In 2019, the cruise industry’s contribution to the U.S. economy was on the rise, according to a new economic report put out by Cruise Lines International Association, the leading industry organization. But in 2020, facing an estimated $32 billion loss, the industry will contribute less than half of what it did last year.
“The impact of the COVID-19 pandemic and the subsequent suspension of cruise operations in the U.S. is having a devastating impact on the economy and on those who depend on cruise activity for their livelihoods,” Bari Golin-Blaugrund, vice president of strategic communications for CLIA, told USA TODAY.
Cruising contributed $55 billion to the American economy in 2019 up 5.3% from 2018, according to the CLIA report. But in 2020, cruising is suspended in U.S. waters through the end of the year thanks to the ongoing COVID-19 pandemic.
“From mid-March through the end of this year, it is estimated that the suspension of cruising in the U.S. will result in a loss of more than $32 billion in economic activity and more than 254,000 American jobs,” Golin-Blaugrund said, adding that that number includes cruising’s economic contributions across multiple sectors, “from transportation and aviation, to food and beverage services, lodging, manufacturing, agriculture, travel agencies and a vast suppliers and service providers across the United States.”
Kelly Craighead, president and CEO of CLIA, said in a release that the organization recognizes the detrimental impact of COVID-19 on the cruising community.
The only way out of the devastation? To start cruising again.
“A resumption of cruising in the United States in 2021, with stringent measures in place and with the support of health authorities, will be critical to putting people back to work and fueling the greater economic recovery from the pandemic,” Craighead said.
And the industry has been preparing to sail again for some time. Upon extending its voluntary sailing suspension through the end of the year, the industry said it would prepare and align industry protocols with standards in the Center for Disease Control and Prevention’s new conditional sailing order, which includes test sailings, among other requirements to be completed, before passenger cruises can resume.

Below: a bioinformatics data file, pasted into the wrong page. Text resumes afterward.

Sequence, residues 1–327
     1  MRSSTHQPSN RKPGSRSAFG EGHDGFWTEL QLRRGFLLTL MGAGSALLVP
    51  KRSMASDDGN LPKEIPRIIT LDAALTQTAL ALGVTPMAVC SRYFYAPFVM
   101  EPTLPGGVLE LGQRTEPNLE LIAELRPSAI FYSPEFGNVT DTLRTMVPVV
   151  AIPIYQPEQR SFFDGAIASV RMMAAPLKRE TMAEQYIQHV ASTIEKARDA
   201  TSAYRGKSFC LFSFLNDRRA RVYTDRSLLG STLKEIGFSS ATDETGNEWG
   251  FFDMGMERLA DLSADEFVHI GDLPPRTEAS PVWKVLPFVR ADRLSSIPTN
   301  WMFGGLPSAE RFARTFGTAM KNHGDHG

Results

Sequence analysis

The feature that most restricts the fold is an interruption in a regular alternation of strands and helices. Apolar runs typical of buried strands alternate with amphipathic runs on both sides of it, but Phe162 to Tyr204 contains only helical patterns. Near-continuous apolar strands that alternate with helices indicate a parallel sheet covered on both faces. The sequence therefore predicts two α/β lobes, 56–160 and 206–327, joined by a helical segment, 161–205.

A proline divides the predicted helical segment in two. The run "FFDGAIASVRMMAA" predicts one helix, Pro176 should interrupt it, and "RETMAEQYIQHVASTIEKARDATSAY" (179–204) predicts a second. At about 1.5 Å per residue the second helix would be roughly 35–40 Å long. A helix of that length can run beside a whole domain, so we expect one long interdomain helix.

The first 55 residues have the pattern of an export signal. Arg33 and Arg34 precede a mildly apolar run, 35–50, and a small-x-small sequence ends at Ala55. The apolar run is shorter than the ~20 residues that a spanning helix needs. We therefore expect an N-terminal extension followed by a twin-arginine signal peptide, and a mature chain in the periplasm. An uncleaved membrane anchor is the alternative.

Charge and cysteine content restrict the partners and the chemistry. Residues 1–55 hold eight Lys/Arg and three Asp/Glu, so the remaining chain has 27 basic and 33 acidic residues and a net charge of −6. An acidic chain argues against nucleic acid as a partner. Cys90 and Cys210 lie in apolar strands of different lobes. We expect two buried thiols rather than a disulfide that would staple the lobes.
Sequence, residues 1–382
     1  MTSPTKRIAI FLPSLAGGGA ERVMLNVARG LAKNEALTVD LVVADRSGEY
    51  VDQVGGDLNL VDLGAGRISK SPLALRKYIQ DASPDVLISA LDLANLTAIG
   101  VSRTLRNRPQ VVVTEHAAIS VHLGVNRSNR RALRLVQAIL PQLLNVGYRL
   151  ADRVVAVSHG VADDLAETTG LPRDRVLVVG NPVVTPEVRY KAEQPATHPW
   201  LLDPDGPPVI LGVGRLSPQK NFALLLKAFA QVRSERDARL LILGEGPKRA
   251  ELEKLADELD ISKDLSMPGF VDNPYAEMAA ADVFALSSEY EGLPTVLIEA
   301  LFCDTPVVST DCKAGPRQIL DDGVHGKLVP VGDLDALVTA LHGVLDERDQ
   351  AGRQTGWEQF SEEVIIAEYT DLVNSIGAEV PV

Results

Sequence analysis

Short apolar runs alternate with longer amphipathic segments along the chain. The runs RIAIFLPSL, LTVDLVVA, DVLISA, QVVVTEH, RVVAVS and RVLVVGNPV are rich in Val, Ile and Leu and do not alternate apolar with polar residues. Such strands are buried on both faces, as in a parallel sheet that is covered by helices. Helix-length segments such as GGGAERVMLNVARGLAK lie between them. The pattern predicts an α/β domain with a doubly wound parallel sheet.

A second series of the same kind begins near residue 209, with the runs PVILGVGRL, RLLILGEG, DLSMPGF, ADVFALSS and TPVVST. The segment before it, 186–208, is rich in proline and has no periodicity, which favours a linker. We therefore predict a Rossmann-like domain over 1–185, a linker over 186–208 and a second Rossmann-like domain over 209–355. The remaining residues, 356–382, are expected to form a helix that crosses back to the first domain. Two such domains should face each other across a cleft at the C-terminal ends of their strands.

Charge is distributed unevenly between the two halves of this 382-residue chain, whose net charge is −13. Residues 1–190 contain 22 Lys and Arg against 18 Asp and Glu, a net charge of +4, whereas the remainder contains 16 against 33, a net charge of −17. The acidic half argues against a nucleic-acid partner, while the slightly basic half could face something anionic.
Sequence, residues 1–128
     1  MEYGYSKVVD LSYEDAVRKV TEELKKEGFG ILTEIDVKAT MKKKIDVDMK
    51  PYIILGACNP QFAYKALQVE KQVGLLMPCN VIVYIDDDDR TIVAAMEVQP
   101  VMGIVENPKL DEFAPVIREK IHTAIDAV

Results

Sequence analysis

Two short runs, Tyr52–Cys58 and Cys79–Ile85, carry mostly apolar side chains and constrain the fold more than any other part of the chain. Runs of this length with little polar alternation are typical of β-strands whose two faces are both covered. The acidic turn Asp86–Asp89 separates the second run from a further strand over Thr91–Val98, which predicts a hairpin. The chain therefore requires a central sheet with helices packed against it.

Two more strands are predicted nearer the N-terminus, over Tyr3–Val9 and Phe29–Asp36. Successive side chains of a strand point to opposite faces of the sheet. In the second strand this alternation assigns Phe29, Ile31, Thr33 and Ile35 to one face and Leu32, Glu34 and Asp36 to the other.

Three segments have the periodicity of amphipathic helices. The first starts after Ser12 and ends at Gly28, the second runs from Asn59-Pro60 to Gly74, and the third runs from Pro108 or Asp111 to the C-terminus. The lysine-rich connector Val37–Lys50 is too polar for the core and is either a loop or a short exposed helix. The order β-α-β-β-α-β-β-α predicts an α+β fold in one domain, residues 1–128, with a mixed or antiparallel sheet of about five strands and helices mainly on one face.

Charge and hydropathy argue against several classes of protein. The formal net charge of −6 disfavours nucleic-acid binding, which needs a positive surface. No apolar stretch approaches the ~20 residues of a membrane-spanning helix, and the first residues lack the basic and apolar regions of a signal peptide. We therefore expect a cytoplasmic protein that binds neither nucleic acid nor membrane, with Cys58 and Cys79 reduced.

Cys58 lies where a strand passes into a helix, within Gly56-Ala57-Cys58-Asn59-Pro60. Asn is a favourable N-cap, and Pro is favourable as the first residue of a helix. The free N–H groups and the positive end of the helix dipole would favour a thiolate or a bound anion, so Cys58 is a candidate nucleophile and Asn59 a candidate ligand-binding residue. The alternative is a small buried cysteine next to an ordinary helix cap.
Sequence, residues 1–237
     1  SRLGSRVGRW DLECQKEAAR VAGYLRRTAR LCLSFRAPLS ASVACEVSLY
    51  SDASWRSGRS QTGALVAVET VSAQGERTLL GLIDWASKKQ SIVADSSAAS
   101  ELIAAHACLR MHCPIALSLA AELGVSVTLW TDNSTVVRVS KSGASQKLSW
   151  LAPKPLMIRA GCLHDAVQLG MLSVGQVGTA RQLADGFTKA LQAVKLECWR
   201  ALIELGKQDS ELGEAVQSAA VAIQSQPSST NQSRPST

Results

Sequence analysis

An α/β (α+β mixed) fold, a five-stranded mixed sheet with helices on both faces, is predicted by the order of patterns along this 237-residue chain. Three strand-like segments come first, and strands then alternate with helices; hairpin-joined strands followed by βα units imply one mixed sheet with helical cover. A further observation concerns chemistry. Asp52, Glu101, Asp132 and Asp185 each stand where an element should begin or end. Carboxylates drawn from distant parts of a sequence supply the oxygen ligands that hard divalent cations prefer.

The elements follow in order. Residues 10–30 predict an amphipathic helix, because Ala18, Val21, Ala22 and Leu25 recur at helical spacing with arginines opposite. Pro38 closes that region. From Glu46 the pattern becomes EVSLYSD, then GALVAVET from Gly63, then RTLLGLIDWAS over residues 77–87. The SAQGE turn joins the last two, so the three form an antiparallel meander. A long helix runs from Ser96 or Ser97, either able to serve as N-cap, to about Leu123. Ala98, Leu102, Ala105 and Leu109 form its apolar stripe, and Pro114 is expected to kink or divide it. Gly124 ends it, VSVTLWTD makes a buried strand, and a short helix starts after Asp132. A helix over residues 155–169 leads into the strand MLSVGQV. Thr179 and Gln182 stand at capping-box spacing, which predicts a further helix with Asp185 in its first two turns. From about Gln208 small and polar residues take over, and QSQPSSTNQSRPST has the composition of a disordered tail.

In September, the industry announced mandatory health and safety changes in preparation for a return to cruising. CLIA and its member cruise lines adopted more extensive mandatory health protocols for vessels that can carry 250 or more passengers, which include crew and passenger testing, mask-wearing, enhanced cruise ship ventilation, response procedures and shore excursion protocols.
CLIA worked with Royal Caribbean and Norwegian’s “Healthy Sail Panel,” other cruise lines and health experts and examined sailings with new protocols in place in Europe.
The industry also announced universal testing on ships with the capability of carrying 250 or more people worldwide.
Richard Fain, CEO of Royal Caribbean Group, believes that the industry has found a way to move forward.
“We do believe it is possible to make it that you are safer on a cruise ship than you are on ‘Main Street’,” he said on the company’s earnings call on Oct. 29.
But it’s unclear when U.S. cruising will actually resume.
Just because the industry’s own suspension expires on Dec. 31 doesn’t mean ships will sail immediately after. In fact, Carnival Cruise Line has already canceled cruises in U.S. waters through the end of January and some sailings into March. And while the CDC issued a “conditional sailing order,” it doesn’t allow for cruising to resume immediately or at any named date.
“This ‘Framework of Conditional Sailing’ lays out a pathway – a phased, deliberate and intentional pathway – toward resuming passenger services but only when it is safe, when [the cruise industry] can assure health and when they are responsible with respects of needs of crew passengers and port communities,” Dr. Martin Cetron, director of the CDC’s Division of Global Migration and Quarantine, told USA TODAY in October.
At the time the order was announced, Cetron wasn’t prepared to guess when passenger cruising will actually begin.
“I’m smart enough after 10 months of this pandemic not to speculate like that,” he said. “It’s basically the virus’ numbers against human ingenuity.”